-DN Phillip M. Adams & Associates, L.L.C. v. Lenovo International et al, No. 1:2005cv00064 - Document 1710 (D. Utah 2010)

Court Description: MEMORANDUM DECISION AND ORDER denying 1209 Motion to Strike Portions of Dr. Clifford H. Kraft's Expert Reports ; denying 1396 Motion to Exclude the Testimony of Dr. Clifford H. Kraft. Signed by Judge Ted Stewart on 9/14/2010. (las)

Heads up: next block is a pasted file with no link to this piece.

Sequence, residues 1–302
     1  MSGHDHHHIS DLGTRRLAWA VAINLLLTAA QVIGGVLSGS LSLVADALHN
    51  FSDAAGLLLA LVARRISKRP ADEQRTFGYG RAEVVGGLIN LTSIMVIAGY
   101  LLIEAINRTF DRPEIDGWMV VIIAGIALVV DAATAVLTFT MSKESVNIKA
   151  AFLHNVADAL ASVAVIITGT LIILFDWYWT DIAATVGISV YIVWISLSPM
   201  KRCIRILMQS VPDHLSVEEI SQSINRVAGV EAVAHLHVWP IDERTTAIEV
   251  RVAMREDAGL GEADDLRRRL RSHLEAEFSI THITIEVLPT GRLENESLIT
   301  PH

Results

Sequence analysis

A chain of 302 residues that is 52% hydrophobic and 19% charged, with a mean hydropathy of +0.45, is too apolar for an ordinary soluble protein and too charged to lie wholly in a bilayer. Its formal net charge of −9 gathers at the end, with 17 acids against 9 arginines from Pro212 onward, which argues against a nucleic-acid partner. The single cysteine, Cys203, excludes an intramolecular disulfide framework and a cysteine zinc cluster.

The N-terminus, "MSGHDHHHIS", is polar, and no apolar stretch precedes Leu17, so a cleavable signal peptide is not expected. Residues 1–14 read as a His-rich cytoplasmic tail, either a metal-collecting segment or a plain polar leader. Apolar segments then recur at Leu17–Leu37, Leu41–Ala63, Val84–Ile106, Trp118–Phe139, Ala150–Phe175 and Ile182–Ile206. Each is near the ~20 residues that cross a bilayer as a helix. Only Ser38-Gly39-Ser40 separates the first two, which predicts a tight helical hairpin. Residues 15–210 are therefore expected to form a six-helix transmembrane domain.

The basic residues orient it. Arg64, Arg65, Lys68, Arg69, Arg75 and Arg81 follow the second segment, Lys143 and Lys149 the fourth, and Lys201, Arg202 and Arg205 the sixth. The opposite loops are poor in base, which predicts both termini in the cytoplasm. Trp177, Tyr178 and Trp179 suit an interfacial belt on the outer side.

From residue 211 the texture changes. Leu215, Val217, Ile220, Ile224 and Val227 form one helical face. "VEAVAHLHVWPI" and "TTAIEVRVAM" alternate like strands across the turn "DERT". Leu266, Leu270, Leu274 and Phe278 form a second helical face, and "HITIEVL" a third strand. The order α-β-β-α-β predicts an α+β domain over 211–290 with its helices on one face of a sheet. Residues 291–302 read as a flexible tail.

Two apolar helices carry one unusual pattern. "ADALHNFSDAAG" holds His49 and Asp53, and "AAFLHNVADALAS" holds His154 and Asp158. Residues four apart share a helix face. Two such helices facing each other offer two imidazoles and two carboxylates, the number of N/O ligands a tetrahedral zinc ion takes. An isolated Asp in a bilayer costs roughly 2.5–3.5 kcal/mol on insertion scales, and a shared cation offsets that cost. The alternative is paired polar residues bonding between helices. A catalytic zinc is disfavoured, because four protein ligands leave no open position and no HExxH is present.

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-DN Phillip M. Adams & Associates, L.L.C. v. Lenovo International et al Doc. 1710 IN THE UNITED STATES COURT FOR THE DISTRICT OF UTAH NORTHERN DIVISION PHILLIP M. ADAMS & ASSOCIATES, LLC, a Utah Limited Liability Company, Plaintiff, MEMORANDUM DECISION AND ORDER DENYING DEFENDANTS’ MOTION TO STRIKE PORTIONS OF DR. CLIFFORD H. KRAFT’S EXPERT REPORT AND MOTION TO EXCLUDE THE TESTIMONY OF DR. CLIFFORD H. KRAFT vs. WINBOND ELECTRONICS CORPORATION, ASUS COMPUTER INTERNATIONAL, MICRO-STAR INTERNATIONAL CORP., LTD, AND MSI COMPUTER CORP., et al., Case No. 1:05-CV-64 TS Defendants. In two separate but related motions, Defendants seek to strike portions of Dr. Clifford H. Kraft’s expert reports1 and to exclude from trial his testimony of certain topics.2 In Defendants’ Motion to Strike Portions of Dr. Clifford H. Kraft’s Expert Reports (“Motion to Strike”), Defendants object to the portions of the reports that they 1 Docket No. 1209. 2 Docket No. 1396. 1 Dockets.Justia.com allege to improperly proffer: testimony on legal matters, narrative summaries of the evidence, opinion on thought processes, opinion outside his area of expertise, testimony lacking any factual support, and testimony related to alleged conduct of dismissed defendants and patent claims never asserted in this cause of action.3 In Defendants’ Motion to Exclude the Testimony of Dr. Clifford H. Kraft (“Motion to Exclude”), Defendants repeat their objections to Dr. Kraft’s testimony that allegedly testifies as to legal matters and expresses opinion outside of his area of expertise.4 Additionally, the Motion to Exclude challenges Dr. Kraft’s method of analysis as improper.5 Having considered the above-mentioned objections, the Court will deny both motions. The Court will discuss each of Defendants’ objections in turn, combining the duplicative arguments from the separate motions where possible. I. DISCUSSION A. TESTIMONY ON LEGAL MATTERS In both the Motion to Strike and the Motion to Exclude, Defendants challenge portions of Dr. Kraft’s report which allegedly proffers testimony on legal matters. Specifically, Defendants object to the portion of Dr. Kraft’s report where he discusses a condition he calls “undetected underrun.”6 In the report, Dr. Kraft offers the following 3 Motion to Strike, Docket No. 1225. 4 Motion to Exclude, Docket No. 1397. 5 Id. at 14. 6 Motion to Exclude, Docket No. 1397 at 19; Motion to Strike Docket No. 1225 at 14. Both motions also challenge portions of the report that refer to trade secrets, trademark, and contract interpretation. The Court has already resolved all claims relating to trade secrets and trademark and will therefore not address these objections. 2 observations: It should be noted that the claims of the Adams’ patents (‘002 and ‘222) refer to undetected underrun conditions. While these terms were not construed by the Special Master, there is a real difference between a detected and an undetected underrun condition. Whenever an underrun occurs that is software actionable, that error is detected even if the software does not test for the condition or deliberately chooses to ignore it. On the other hand, an error is undetected if there is no way for software to act on it.7 Defendants allege that this testimony of Dr. Kraft amounts to improper claim construction and should therefore be stricken from the report8 and excluded from trial.9 As Plaintiffs correctly assert, claim construction is a matter exclusively within the province of the court.10 Thus, if the challenged portion of Dr. Kraft’s report did in fact amount to claim construction, the Court would be obligated to strike that portion of the report. The ‘002 and ‘222 Patents at issue in this case include the claims “underrun error undetected by a floppy diskette controller” and “underrun error not detected by the floppy diskette controller.”11 In comparing Dr. Kraft’s language to this claim language, it The Defendants have also filed a separate motion in limine to exclude Dr. Kraft’s testimony regarding contract interpretation that has been denied as moot. In the interest of judicial economy, the Court will not readdress these duplicative objections concerning contract interpretation. 7 Motion to Exclude, Docket No. 1397, Ex. 1. at 20-21. 8 Motion to Strike, Docket No. 1225 at 14. 9 Motion to Exclude, Docket No. 1397 at 19. 10 Markman v. Westview Instrs. Inc., 517 U.S. 370, 372 (1996) (The construction of a patent including terms of art within its claim, is exclusively within the province of the court.”). 11 See Docket No. 1647, Exs. 2 (the 002 patent) and 3 (the 222 patent). 3 is clear that Dr. Kraft was only attempting to provide a technical analysis of “undetected underrun conditions,” not provide a definitive construction of the claim language “underrun error undetected by a floppy diskette controller.” Dr. Kraft’s description of this condition is useful in understanding and evaluating his conclusions concerning infringement to which he later refers to in his report.12 Therefore, the Court will deny the Motion to Strike and the Motion to Exclude Dr. Kraft’s testimony as to his understanding of “undetected underrun conditions.” B. NARRATIVE SUMMARIES OF THE EVIDENCE In Defendants’ Motion to Strike, Defendants object to numerous passages in Dr. Kraft’s reports which allegedly contain improper factual narratives that should be stricken from the reports. While it is true that Dr. Kraft’s report contains instances of factual narrative, the Court does not find any of these passages to be improper. Instead, the Court finds such passages to be helpful in understanding Dr. Kraft’s opinions. Therefore, the Court will deny Defendants’ Motion to Strike as it relates to these portions of Dr. Kraft’s reports. C. OPINION ON THOUGHT PROCESSES In Defendants’ Motion to Strike, Defendants object to passages in Dr. Kraft’s reports which allegedly attempt to speculate on the mental processes and motives of others. In reviewing these objections, the Court notes that these objections go to the weight, not the admissibility of the evidence.13 Therefore, the Court will deny 12 See Motion to Exclude, Docket No. 1397, Ex. 1. 13 See Compton v. Subaru of Am., Inc., 82 F.3d 1513, 1518 (10th Cir. 1996) (stating that “as long as a logical basis exists for an expert’s opinion . . . the 4 Defendants’ Motion to Strike as it relates to these portions of Dr. Kraft’s report and urge counsel to address these concerns at trial during cross-examination. D. OPINION ON AREAS OUTSIDE OF DR. KRAFT’S EXPERTISE In both Defendants’ Motion to Strike and Motion to Exclude, Defendants challenge Dr. Kraft’s opinions on the manufacture of I/O controllers as outside the scope of his expertise. Defendants assert that Dr. Kraft has no experience in the manufacturing of these controllers, while Plaintiff responds that Dr. Kraft’s experience designing and testing related semiconductor chips qualifies him as an expert in this area. In reviewing Dr. Kraft’s credentials under the standards announced in Daubert and its progeny, the Court is satisfied that Dr. Kraft’s credentials qualify him as an expert in this field.14 Moreover, the Court notes that Defendants’ objections to Dr. Kraft’s experience in this particular field actually go to the weight, not the admissibility, of Dr. Kraft’s testimony.15 Thus, Defendants objections to Dr. Kraft’s experience in this area are more appropriately a subject for cross-examination.16 weaknesses in the underpinnings of the opinion[ ] go to the weight and not the admissibility of the testimony.”) (quotation marks and citation omitted). 14 See Docket No. 1524, at 3-4 (listing Dr. Kraft’s credentials). 15 See McCullock v. H.B. Fuller, Co., 61 F.3d 1038, 1043 (2d Cir. 1995) (“Fuller's quibble with Woolley's academic training in fume dispersal and air quality studies, and his other alleged shortcomings (lack of knowledge regarding the chemical constituents of the fumes or the glue vapor's concentration level), were properly explored on cross-examination and went to his testimony's weight and credibility — not its admissibility.”). 16 See Daubert v. Merrell Dow Pharmaceuticals, Inc., 509 U.S. 579, 596 (1993) (“Vigorous cross-examination, presentation of contrary evidence, and careful instruction 5 E. TESTIMONY LACKING FACTUAL SUPPORT In Defendants’ Motion to Strike, Defendants challenge the factual sufficiency of many of Dr. Kraft’s claims. After reviewing Defendants’ objections, the Court finds that Defendants’ contentions will be best addressed at trial during cross-examination.17 As one of our sister courts explained, “Rule 705, together with Rule 703, places the burden of exploring the facts and assumptions underlying the testimony of an expert witness on opposing counsel during cross-examination.”18 Therefore, the Court will deny the Motion to Strike as to any testimony lacking factual support. F. TESTIMONY ON CONDUCT OF DISMISSED DEFENDANTS OR PATENT CLAIMS NEVER ASSERTED In Defendants’ Motion to Strike, Defendants further move to strike portions of Dr. Kraft’s reports which present opinion concerning defendants who have previously settled and patent claims which the Plaintiff never asserted as irrelevant. The Court tends to agree. However, for purposes of this Motion to Strike, the Court notes that such a contention is ostensibly moot because the report will not be presented to the jury. Therefore, the Court will deny the Motion to Strike. The Court would advise Defendants to renew these objections at trial should Dr. Kraft’s testimony stray onto these irrelevant issues. on the burden of proof are the traditional and appropriate means of attacking shaky but admissible evidence.”). 17 See id. 18 Stecyk v. Bell Helicopter Textron, Inc., 295 F.3d 408 (3d Cir. 2002). 6 G. METHOD OF ANALYSIS In Defendants’ Motion to Exclude, Defendants’ object to the method of analysis used in Dr. Kraft’s proffered testimony. Defendants assert that he fails to demonstrate infringement under the Doctrine of Equivalents and that he further fails to provide the required means-plus-function elements in discussing infringement of the ‘858 patent. In responding to the Doctrine of Equivalents contention, Plaintiff responds that Defendants misconstrue a statement by Dr. Kraft to be “something more than it was—just an observation that Adams does not need to rely on the doctrine of equivalents.”19 The Court agrees with Plaintiff. On page 112 of his report, Dr. Kraft states that “each of the limitations of the above claims are infringed literally, however, in every case, they are also infringed under the doctrine of equivalents.”20 Dr. Kraft appears to simply be making an observation that, in his opinion, not only are these claims infringed literally (which is at issue in this case), but also infringed under the doctrine of equivalents (which, as Plaintiff agrees, is not at issue in this case). Of course, should Dr. Kraft’s testimony stray upon the Doctrine of Equivalents at trial, Defendants can renew their objection at that point. However, this isolated statement in Dr. Kraft’s report far from provides a basis for excluding him from testifying at trial. Therefore, the Court will deny the Motion to Exclude as to this issue. As to the ‘858 patent contention, Plaintiff responds that Dr. Kraft does in fact make a complete means-plus-function analysis. In reviewing the specific contentions 19 Docket No. 1524, at 6. 20 Id. 7 Defendants assert against Dr. Kraft’s report, the Court notes that Defendants are not actually challenging the methodology of Dr. Kraft, but rather identifying alleged deficiencies in how he carried out the established methodology for a means-plusfunction analysis and further challenging his conclusions. Established precedent makes clear that such contentions are a matter for cross examination, not admissibility.21 Therefore, the Court will deny the Motion to Exclude as to this issue. II. CONCLUSION It is therefore ORDERED that Defendants’ Motion to Strike Portions of Dr. Clifford H. Kraft’s Expert Reports (Docket No. 1209) and Defendants’ Motion to Exclude the Testimony of Dr. Clifford H. Kraft (Docket No. 1306) are DENIED. DATED September 14, 2010. BY THE COURT: _____________________________________ TED STEWART United States District Judge 21 See McCullock, 61 F.3d at 1044 (“Disputes as to the strength of his credentials, faults in his use of differential etiology as a methodology, or lack of textual authority for his opinion, go to the weight, not the admissibility, of his testimony.”). 8